Advocacy strategy and advocacy tactics? Do you know the difference?
You and your organization have worked hard to create a great policy book. Now, how do you get Congress or your state legislature to turn policy recommendations into policy reality? You need to advocate for it. Advocacy can come in many shapes and budget sizes. But whether it’s round or square, big or small, you need to have a plan; you need an advocacy strategy that outlines your overall goal and effective tactics that will help you cross the finish line.
Let’s take a look at a hyper-local example. You and your neighbors love your dogs (how could you not?) and think it’s very sad that the dogs only get to see each other while on leash. They all want to run, play, and do whatever else it is that dogs do, unfettered by their slow (but much loved) humans. You want to get the city to build a dog park. All the cool dogs have one and so should your community. So, you call a meeting at the local watering hole to plan out how to get the city to build a dog park.
Your first step is to develop your advocacy strategy:
Your advocacy strategy is the overall plan to achieve your specific goal, which, in this example, would be to get the city to build a dog park. Your strategy is a plan, including a collection of tactics that build toward your goal. Your larger strategic plan should answer questions, including (but not limited to):
- Who are the relevant decision makers you need to target?
- Who among them is movable and who is likely not?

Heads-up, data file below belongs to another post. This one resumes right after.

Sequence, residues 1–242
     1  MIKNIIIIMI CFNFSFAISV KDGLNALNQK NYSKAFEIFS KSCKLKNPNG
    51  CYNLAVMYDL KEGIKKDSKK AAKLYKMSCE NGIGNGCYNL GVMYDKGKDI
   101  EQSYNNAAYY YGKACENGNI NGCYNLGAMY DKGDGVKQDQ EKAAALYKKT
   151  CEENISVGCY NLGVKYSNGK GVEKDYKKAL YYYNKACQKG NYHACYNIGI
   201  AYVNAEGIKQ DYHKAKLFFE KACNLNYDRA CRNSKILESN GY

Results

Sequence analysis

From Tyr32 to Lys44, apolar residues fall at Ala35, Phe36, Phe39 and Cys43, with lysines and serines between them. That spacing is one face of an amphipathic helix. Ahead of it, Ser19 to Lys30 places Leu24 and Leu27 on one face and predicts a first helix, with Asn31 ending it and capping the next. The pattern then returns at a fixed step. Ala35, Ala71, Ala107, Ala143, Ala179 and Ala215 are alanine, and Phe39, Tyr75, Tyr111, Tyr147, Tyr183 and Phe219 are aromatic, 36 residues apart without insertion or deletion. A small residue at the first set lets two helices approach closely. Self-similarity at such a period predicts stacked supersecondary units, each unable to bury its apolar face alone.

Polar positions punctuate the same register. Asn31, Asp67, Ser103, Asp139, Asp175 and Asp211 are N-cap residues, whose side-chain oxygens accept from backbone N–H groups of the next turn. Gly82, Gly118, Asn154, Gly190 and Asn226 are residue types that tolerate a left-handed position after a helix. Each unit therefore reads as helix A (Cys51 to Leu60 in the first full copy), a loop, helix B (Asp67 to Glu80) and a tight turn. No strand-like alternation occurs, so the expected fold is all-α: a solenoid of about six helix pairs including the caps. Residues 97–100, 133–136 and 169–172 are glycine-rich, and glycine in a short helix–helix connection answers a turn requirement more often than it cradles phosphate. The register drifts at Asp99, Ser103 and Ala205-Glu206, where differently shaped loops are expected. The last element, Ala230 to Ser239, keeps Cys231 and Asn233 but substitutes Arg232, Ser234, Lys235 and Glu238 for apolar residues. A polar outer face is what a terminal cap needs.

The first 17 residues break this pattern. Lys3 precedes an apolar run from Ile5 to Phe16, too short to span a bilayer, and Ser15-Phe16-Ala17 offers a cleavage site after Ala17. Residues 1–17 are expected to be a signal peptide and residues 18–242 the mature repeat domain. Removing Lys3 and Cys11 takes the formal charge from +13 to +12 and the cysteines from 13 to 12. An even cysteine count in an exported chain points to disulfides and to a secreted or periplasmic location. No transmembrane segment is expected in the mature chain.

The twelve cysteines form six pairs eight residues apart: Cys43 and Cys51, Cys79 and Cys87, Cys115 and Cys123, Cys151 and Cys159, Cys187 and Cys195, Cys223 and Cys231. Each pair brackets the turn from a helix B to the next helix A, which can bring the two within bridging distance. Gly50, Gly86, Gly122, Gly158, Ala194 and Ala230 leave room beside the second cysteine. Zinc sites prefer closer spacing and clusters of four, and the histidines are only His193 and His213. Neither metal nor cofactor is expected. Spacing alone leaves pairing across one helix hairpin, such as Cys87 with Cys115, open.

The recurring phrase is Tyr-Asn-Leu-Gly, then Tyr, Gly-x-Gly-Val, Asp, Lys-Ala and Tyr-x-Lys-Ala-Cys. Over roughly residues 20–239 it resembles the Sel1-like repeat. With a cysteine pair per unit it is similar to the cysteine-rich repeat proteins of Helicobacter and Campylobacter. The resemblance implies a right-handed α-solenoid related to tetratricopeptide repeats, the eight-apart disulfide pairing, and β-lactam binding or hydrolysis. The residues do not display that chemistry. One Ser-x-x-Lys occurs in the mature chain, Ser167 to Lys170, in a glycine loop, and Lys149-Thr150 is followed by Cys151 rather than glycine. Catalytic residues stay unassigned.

- What is your timeline and what are the important dates within it?
- What tactics should be used to advance your goal?
Your second step is to choose your tactics:
So, what do we mean by advocacy tactics? They are the things you do to achieve your outcome – it’s how you carry out your strategy. There are a lot of options when it comes to tactics, and part of building out your overall strategy is determining which tactics will advance your goal, which might detract from it (for instance, if you set up shop in an empty lot surrounded by homes and blast “Who Let the Dogs Out?” 24 hours a day in protest of the lack of a dog park in that space, you will likely create opposition with those neighbors), and how to balance it all with your available resources (think: people, time and money).
- You can send letters, emails or call your local elected officials or the relevant decision makers when it comes to building dog parks.
- You can make flyers to handout (or mail) to your neighbors asking them to get involved.
- Maybe you want to really draw attention to Fido’s plight with a little civil disobedience – hold a sit-in (walk-in) with your dogs, taking over the empty lot on your street that would be the perfect place for a dog park.
- Call the media and hand them all those fancy flyers. Everyone loves dogs, especially local news stations trying to find uplifting news stories that work well on camera.
- Create a petition on a site like Care2 to help drum up wider support for the park within your city
These are just some of the advocacy tactics that can make up your advocacy strategy. So, get out there and start advocating. If you would like help in creating your advocacy strategy and planning out some advocacy tactics that will get your policy goals passed, send us a note here at The Campaign Workshop. Whether it’s as simple as building a local dog park or as complex as passing health care reform, our team has worked on it. We’d love to put our advocacy skills to work for your progressive organization.
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